Measles cases in East Midlands are second highest in England - what are the symptoms?

File photo of the measles rashes and spots parents should look out for
File photo of the measles rashes and spots parents should look out for -Credit:Health Check Wales

Cases of measles in the East Midlands have topped 100 this year, making it the region with the second highest number of cases in the country.

More than 1,000 cases of the disease have been confirmed by lab tests in England so far this year. In 2023 a total of 362 cases were seen, which means this year so far has already tripled the cases of last year with the biggest outbreak in more than a decade.

It is suspected that the latest outbreak began in October 2023 in Birmingham, and since then 580 cases have been confirmed in the West Midlands. However, cases have been confirmed in every region of England, including 130 in the East Midlands, 69 in Yorkshire and the Humber and 390 cases in London.

Meanwhile, the regions least impacted by measles include the South East and the South West, with 25 and 19 confirmed cases. Of the confirmed cases, 62 per cent of all infections were in children under the age of 10, but cases are also being reported in adults, with 21 per cent in people over 20-years-old.

The key symptoms of measles include a high fever, coughing, sneezing, red and sore watery eyes, and a rash that usually appears after the initial symptoms. The UKHSA has not released data showing the specific locations where outbreaks have been confirmed, however, it is possible to map notifications of measles.

These are the alerts that GPs are required to send to the UKHSA every time they diagnose a case of what they believe to be measles. Since January 2024 there have been more than 5,000 notifications of possible measles cases in England.

However, these cases have not been confirmed in a laboratory, but they do show suspected infections in council areas and can provide an early warning of possible outbreaks. They show that GPs in Birmingham have seen more suspected cases than anywhere else, with 352 so far this year, including 12 in the latest week. Whereas Manchester has 123 and Leicester has 119.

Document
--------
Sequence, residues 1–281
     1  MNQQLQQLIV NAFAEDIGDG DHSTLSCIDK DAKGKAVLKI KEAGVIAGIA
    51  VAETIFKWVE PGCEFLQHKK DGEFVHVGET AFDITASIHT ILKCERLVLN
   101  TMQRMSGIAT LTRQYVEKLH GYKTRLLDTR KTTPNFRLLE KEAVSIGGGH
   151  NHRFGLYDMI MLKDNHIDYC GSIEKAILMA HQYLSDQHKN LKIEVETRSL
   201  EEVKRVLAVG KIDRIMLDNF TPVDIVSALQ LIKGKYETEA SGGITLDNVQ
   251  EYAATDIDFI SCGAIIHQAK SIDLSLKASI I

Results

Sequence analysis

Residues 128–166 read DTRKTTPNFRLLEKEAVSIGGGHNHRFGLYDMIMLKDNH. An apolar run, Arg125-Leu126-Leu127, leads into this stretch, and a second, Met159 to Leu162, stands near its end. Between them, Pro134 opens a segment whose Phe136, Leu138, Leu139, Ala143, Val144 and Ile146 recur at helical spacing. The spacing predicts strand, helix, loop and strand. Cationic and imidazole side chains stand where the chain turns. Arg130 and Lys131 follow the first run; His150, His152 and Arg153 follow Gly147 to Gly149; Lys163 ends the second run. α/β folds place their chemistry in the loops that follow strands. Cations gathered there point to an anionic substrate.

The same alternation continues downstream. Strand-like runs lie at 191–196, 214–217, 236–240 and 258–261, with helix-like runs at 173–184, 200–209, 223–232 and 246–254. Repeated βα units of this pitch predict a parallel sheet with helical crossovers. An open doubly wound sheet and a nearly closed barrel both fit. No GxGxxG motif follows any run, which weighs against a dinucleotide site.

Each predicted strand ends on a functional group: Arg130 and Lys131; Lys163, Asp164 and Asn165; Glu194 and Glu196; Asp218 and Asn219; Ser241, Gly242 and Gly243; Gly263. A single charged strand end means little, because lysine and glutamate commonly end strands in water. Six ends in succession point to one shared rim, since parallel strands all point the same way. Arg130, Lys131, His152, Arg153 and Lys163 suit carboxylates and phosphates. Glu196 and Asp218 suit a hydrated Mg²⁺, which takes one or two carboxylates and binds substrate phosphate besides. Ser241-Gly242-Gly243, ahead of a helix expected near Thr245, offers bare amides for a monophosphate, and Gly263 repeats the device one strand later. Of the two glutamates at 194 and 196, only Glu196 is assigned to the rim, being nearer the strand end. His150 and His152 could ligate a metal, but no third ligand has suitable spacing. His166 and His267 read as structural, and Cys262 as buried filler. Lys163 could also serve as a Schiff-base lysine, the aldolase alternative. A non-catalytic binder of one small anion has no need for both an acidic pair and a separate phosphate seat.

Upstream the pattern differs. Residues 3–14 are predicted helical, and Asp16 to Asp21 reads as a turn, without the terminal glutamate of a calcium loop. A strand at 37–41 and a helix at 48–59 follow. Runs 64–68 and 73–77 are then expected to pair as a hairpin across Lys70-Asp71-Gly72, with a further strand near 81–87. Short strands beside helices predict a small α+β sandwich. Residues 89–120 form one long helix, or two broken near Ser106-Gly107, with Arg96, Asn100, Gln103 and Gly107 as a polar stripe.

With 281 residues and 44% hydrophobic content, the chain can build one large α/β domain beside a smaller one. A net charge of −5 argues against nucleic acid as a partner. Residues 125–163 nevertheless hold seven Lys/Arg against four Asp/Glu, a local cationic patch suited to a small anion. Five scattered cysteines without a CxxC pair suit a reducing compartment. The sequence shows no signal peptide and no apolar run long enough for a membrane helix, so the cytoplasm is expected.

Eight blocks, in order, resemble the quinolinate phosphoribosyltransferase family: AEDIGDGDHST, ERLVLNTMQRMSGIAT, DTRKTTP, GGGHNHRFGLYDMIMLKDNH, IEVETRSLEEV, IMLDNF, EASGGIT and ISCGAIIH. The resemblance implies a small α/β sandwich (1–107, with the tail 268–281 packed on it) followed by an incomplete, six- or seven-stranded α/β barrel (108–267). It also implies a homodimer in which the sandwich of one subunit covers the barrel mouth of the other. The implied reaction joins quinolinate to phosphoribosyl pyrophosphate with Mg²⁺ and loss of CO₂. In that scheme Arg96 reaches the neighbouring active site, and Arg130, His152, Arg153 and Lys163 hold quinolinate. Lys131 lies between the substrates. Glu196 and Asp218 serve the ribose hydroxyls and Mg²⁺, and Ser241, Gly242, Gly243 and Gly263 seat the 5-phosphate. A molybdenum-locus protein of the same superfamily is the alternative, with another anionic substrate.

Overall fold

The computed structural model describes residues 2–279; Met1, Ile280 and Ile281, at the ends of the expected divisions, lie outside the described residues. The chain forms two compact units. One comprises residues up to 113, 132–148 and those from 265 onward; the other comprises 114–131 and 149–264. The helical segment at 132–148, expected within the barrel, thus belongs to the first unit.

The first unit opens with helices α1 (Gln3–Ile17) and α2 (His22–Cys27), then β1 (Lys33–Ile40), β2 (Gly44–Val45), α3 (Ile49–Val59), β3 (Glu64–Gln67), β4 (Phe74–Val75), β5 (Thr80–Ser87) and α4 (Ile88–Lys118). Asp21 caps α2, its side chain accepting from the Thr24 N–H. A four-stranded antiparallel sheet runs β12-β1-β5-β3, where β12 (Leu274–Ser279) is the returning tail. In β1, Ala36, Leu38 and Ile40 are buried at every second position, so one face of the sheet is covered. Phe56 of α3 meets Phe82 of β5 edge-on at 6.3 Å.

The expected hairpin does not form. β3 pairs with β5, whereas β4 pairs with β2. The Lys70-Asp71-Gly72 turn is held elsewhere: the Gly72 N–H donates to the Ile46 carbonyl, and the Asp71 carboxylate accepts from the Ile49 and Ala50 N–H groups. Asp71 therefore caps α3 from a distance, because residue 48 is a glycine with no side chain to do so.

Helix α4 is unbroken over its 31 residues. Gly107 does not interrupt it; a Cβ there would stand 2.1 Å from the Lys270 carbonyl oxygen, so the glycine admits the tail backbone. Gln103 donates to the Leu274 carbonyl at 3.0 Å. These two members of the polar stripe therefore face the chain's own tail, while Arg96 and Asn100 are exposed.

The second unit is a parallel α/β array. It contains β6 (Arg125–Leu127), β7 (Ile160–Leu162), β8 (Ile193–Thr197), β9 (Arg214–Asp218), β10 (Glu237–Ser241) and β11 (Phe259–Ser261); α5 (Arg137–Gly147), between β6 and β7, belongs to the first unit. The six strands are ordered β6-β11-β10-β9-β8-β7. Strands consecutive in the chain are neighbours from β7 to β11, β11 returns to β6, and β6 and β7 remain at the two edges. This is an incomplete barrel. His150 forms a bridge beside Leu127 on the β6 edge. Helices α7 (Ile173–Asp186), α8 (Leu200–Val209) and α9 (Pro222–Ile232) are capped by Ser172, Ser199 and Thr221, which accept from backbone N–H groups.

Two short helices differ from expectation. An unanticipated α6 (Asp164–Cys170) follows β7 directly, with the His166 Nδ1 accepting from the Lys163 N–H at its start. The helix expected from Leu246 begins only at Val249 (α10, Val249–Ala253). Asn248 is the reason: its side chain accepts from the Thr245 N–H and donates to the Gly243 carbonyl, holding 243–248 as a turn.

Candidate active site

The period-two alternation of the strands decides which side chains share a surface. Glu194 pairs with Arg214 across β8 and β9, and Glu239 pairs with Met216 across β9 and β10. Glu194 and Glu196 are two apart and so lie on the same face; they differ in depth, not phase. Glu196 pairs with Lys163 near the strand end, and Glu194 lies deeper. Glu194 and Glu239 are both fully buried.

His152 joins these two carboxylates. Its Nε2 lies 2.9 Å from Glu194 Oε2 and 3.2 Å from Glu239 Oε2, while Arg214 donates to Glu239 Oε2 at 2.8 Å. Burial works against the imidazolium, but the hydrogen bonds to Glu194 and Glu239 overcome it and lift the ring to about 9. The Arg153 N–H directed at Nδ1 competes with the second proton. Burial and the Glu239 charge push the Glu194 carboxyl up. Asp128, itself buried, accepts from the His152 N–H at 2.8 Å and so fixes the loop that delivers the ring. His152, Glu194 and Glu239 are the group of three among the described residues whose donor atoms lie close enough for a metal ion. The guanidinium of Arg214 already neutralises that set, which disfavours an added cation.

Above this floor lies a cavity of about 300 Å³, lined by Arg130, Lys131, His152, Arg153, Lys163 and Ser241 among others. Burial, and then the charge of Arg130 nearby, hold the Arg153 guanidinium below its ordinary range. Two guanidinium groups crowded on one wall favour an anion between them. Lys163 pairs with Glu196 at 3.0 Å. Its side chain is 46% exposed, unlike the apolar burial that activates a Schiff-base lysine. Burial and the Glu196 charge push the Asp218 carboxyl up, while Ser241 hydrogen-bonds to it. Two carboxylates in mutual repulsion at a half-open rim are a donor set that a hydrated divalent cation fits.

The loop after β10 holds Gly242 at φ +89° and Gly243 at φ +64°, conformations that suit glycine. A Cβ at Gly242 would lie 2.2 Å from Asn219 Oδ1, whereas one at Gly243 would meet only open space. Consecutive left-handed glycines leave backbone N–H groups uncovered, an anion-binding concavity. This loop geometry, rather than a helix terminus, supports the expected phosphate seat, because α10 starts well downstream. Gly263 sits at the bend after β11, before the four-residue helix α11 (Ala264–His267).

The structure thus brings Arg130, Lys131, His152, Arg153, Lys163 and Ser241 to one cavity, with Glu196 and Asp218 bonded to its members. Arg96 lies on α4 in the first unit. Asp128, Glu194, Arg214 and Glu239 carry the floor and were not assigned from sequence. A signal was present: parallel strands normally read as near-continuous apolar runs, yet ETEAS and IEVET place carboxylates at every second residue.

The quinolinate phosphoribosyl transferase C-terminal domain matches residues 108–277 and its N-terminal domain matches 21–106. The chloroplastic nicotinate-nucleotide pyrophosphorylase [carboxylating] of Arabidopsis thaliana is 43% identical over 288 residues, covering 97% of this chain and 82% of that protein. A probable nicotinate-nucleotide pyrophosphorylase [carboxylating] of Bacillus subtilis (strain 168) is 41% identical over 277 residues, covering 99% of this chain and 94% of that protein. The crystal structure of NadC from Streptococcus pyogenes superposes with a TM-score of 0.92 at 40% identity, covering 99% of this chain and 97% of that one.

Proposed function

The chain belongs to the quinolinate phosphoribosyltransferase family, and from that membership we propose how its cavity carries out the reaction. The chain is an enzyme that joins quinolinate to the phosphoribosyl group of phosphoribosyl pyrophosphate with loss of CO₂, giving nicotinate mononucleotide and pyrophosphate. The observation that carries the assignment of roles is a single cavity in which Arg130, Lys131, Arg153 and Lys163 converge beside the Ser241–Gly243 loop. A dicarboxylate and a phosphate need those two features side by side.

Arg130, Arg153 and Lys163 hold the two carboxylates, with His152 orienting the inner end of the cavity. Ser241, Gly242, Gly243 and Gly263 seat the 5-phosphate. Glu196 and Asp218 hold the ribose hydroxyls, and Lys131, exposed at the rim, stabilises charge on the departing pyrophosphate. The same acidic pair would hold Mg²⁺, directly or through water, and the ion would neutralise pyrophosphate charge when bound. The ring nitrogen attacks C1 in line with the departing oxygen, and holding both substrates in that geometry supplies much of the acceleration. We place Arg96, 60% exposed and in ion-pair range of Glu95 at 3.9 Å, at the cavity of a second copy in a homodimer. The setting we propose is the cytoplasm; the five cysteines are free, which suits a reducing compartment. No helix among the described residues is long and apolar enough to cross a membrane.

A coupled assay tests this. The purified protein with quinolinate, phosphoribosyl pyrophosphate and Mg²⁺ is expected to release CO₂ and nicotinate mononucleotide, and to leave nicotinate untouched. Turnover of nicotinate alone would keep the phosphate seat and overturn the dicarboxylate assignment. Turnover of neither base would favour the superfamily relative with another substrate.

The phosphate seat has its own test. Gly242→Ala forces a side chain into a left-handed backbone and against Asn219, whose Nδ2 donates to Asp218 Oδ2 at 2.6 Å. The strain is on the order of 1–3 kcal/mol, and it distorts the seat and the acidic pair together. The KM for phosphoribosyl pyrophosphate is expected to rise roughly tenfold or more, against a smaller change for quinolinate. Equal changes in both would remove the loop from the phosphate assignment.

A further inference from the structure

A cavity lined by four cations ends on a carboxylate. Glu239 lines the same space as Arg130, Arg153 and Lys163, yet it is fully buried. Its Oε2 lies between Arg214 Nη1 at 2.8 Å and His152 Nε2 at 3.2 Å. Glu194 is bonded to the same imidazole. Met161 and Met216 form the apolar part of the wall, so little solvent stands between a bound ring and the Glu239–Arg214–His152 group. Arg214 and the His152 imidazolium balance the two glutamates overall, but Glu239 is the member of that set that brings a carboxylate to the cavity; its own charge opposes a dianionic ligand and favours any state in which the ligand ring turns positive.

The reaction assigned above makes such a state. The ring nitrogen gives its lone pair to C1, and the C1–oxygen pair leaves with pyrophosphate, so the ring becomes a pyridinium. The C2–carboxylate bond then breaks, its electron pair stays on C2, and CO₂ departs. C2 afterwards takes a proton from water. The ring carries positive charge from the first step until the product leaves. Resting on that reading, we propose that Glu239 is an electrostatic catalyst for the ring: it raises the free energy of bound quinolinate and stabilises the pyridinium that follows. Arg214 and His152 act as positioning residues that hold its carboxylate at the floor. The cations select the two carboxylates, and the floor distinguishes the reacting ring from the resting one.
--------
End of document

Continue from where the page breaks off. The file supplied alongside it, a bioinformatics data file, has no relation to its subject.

You can see the suspected cases where you live using our interactive map. The spread of Measles is being blamed on the low take-up of the MMR (measles, mumps and rubella) vaccine in parts of the country.

In England, 92.5 per cent of children had received at least one dose of the MMR vaccine by the age of five in 2022-23, which is down from 93.4 per cent the previous year and below the national target of 95.5 per cent.

The vaccine uptake is also much lower in certain areas, such as in Birmingham the amount is 88.1 per cent. Dr Vanessa Saliba, UKHSA Consultant Epidemiologist, said: “Measles cases have been rising across the country in recent weeks, particularly in London.

"Measles is extremely infectious, and outbreaks can spread very rapidly through communities like schools and nurseries, especially if those communities have low vaccination rates. The MMR jab offers the best protection against measles. Measles is preventable but we know some communities, especially in London, have very low MMR vaccination rates.

"That means many thousands of children around the country are still not fully vaccinated and may be at risk of serious illness which can lead to life-long complications or even death." She continued: "Parents should check their child’s Red Book now to ensure that children are up to date with the MMR and other routine vaccines.

"If you’re unsure, contact your GP practice to check. Your GP can offer the vaccinations your child needs to bring them up to date. If the NHS contacts you about catching up on missed vaccines, please respond as soon as possible.”